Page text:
I’ve had a front row seat over the years, and I know firsthand the frustrations of a young black girl who goes to a spa and is told commonplace myths. When it comes to applying makeup to a black model or one with a skin tone that deviates from the white standard, makeup artists often don’t have the right products, and the results aren’t up to par. Fenty has been instrumental in addressing these issues, and many brands have followed suit. But it took a long time! One of my clients is a famous black actor, who explains to me that most of the time when he sees himself in interviews, his skin is grey. Some models are reduced to bringing their own products to shoots, and this is not acceptable. I have noticed that in the United States, I have a strong echo, because Americans see me as one of the personalities who contributes to the progress of things on the old continent. However, mentalities are beginning to evolve, and I am delighted to be one of the actors of this progression. In the long run, I hope to be able to train on this type of issue.
What are your plans? Given your success, do you plan to open an institute?
I came back to France to open my own space. Covid has passed by and this project has been postponed, but I hope to have my own space in 2022. The idea is to pass on my know-how to be able to meet the growing demand, as I am starting to reach my limits in terms of availability. I don’t want to create mass trainings on a large scale, because according to me, to do well I have to train each person after the other.
What are your self-care rituals, and how do you take care of yourself when your hands are your main working tool?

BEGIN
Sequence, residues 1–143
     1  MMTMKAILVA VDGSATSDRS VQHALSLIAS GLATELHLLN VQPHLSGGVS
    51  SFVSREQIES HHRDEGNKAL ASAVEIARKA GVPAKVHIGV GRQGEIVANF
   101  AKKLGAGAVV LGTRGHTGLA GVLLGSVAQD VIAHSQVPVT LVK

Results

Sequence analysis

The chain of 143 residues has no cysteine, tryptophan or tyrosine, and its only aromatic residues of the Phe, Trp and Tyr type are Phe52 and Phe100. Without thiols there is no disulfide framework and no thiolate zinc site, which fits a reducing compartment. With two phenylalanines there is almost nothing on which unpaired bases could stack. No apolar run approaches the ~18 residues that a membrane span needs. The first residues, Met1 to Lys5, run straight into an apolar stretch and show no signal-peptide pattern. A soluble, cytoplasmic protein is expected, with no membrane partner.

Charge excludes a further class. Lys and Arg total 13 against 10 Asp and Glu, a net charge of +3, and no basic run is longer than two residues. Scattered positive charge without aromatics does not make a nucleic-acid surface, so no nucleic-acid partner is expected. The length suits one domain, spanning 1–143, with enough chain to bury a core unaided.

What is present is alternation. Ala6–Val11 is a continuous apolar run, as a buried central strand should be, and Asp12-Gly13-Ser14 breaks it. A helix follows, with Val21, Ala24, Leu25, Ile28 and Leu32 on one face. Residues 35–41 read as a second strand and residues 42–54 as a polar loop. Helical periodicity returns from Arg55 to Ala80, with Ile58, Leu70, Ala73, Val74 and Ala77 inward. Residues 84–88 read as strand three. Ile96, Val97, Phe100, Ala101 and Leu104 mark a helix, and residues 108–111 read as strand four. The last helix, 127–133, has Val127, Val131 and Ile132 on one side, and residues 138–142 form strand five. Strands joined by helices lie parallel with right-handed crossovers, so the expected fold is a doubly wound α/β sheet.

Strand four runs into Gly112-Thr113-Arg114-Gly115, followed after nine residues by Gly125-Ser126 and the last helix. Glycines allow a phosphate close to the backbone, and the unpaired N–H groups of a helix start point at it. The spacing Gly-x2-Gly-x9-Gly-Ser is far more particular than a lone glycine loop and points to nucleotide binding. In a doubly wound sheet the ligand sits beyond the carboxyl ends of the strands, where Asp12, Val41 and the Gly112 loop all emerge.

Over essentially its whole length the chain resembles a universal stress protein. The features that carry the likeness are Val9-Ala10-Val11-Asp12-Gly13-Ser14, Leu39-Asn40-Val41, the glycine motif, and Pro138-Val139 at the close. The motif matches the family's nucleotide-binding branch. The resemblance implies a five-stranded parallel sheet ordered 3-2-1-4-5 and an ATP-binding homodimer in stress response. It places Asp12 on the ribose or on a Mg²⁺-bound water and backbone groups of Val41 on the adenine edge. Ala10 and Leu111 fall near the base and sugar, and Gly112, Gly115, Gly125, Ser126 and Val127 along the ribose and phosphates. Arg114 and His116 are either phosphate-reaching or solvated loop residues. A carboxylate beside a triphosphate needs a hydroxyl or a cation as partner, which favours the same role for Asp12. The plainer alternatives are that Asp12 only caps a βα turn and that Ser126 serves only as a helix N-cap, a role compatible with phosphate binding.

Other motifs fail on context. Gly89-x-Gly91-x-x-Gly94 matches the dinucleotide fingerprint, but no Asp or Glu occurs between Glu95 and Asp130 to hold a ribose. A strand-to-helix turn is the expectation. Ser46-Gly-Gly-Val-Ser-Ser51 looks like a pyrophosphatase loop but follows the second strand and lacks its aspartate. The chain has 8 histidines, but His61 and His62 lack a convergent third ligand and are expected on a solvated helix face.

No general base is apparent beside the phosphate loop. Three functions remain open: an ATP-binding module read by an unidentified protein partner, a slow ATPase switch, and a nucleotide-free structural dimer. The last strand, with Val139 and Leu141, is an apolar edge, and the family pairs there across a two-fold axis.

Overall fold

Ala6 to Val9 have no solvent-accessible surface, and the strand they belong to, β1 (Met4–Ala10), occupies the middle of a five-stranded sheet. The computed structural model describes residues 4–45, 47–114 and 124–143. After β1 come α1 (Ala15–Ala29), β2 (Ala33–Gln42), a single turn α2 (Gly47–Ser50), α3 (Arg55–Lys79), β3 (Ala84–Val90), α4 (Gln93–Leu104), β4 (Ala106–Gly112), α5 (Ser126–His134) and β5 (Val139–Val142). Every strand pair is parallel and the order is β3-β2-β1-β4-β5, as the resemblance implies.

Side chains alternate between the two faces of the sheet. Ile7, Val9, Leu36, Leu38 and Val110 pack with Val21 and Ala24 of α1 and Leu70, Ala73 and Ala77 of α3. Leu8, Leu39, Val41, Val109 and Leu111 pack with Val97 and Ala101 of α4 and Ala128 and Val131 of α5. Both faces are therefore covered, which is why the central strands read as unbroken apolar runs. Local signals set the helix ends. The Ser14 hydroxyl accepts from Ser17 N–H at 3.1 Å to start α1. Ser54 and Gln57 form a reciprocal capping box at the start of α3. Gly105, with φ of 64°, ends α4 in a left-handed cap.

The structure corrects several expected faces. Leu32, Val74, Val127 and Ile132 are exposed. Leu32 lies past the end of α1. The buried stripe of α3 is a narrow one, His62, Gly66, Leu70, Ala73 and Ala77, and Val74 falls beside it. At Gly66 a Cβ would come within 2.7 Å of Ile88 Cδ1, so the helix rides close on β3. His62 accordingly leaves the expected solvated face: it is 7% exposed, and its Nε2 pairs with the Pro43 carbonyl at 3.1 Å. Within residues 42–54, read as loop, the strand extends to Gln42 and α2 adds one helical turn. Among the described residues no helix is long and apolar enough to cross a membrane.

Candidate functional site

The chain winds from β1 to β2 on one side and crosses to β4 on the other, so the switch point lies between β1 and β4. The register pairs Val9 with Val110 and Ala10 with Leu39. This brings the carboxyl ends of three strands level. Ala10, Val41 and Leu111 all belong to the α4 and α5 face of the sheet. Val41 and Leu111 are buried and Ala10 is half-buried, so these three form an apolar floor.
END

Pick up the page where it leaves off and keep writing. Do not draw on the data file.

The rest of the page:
I used to take a lot of clients and I was very tired, now I limit myself to four clients a day. My mindset is fundamentally different, I make less money but it suits me so much better! I sincerely believe that a client feels the accumulated fatigue at the end of the day, and I always want to offer everyone a unique experience, where I am 100% present. There are things I avoid doing in order to preserve my hands, which are indeed my work tool: in London, I had started to practice climbing but I had to give it up. All day long, I do small exercises, a kind of manual gym to preserve my joints.
I also meditate every day and I regularly go to see Paula, a healer specializing in centering and energizing. In England and in particular in the East End of London, this culture is very present, popularized by events like Glastonbury. I was a bit skeptical at the beginning but it feels really good. His little mindfulness exercises help me to manage my stress, to center myself. I practice them every night before going to sleep, and I allow myself ten minutes without screens or distractions while lying in bed; my thoughts are clearer and it recharges my batteries.
How has your business adapted to the pandemic and successive lockdowns?
My Instagram community has jumped during each lockdown. People are getting back to basics, reclaiming their bodies and listening more to their sensations. Massage videos are a real hit, and the Tik Tok generation is raising awareness of this type of content among parents. I will never spit on social media, because I wouldn’t have the career I have without Instagram. During this pandemic, I’ve also seen how informed the younger generation is about beauty and how much they’re challenging the clichés about feminism, which we like to caricature and contrast with feminity and beauty in general.
Source : 21.01.2021 by Mélanie Mendelewitsch